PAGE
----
Sunday, June 07, 2020

Turnout surges after states expand mail-in voting

By Max Greenwood - 06/07/20 03:42 PM EDT

States that moved to rapidly expand mail-in balloting amid the coronavirus pandemic are seeing some of their highest levels of voter turnout in years, even as President Trump looks to clamp down on such efforts.

In at least four of the eight states that held primaries on Tuesday, turnout surpassed 2016 levels, with most of the votes being cast via mail, according to an analysis of election returns by The Hill. Each of those states took steps earlier this year to send absentee ballot applications to all of their registered voters.


The high turnout could encourage more states to take similar steps ahead of the November general elections. Trump has resisted such efforts, even threatening last month to hold up federal funding to Michigan and Nevada over state election officials’ decisions to send mail-in ballot applications to registered voters.


In the states that held primaries on Tuesday, however, the decision to expand mail-in voting was largely nonpartisan, with both Democratic and Republican officials throwing their support behind more robust vote-by-mail efforts.

In Montana, where the governor is a Democrat and the secretary of state is a Republican, Tuesday’s primaries were conducted entirely by mail, and every registered voter was sent a ballot ahead of June 2. As of noon on Friday, turnout hovered near 55 percent, up from about 45 percent in 2016, setting an all-time record for a primary election in the state.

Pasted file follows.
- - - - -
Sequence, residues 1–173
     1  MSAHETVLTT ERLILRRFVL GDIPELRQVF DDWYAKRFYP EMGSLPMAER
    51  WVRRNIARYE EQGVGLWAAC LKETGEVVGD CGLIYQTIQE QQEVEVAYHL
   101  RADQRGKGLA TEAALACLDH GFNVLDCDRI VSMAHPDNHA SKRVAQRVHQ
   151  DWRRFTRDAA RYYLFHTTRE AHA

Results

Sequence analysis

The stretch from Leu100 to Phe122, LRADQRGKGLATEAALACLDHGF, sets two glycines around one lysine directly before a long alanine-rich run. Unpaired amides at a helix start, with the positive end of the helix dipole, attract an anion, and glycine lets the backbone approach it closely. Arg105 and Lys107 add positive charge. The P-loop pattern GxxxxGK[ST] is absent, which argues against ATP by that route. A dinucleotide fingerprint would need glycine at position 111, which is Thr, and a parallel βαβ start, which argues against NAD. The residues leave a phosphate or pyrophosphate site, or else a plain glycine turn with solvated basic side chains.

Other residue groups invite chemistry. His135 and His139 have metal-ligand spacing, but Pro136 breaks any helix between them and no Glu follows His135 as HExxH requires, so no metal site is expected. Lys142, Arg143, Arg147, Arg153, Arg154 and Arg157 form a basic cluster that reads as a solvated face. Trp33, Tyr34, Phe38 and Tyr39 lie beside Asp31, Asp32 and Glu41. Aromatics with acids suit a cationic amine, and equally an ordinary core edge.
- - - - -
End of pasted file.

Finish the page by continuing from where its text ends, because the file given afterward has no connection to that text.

Mail-in voting isn’t a new phenomenon in the U.S. Five states – Colorado, Hawaii, Oregon, Utah and Washington – already conduct their elections entirely by mail. California and Montana also rely heavily on mail-in voting, while 27 other states already offered so-called “no-excuse” absentee voting before the onset of the coronavirus pandemic. In the 2018 midterm elections, nearly one in four votes was cast by mail.

But since the pandemic took hold in the U.S. in March, a dozen other states that require voters to provide an excuse in order to cast an absentee ballot have relaxed restrictions to allow any registered voter to vote by mail due to concerns about the coronavirus.


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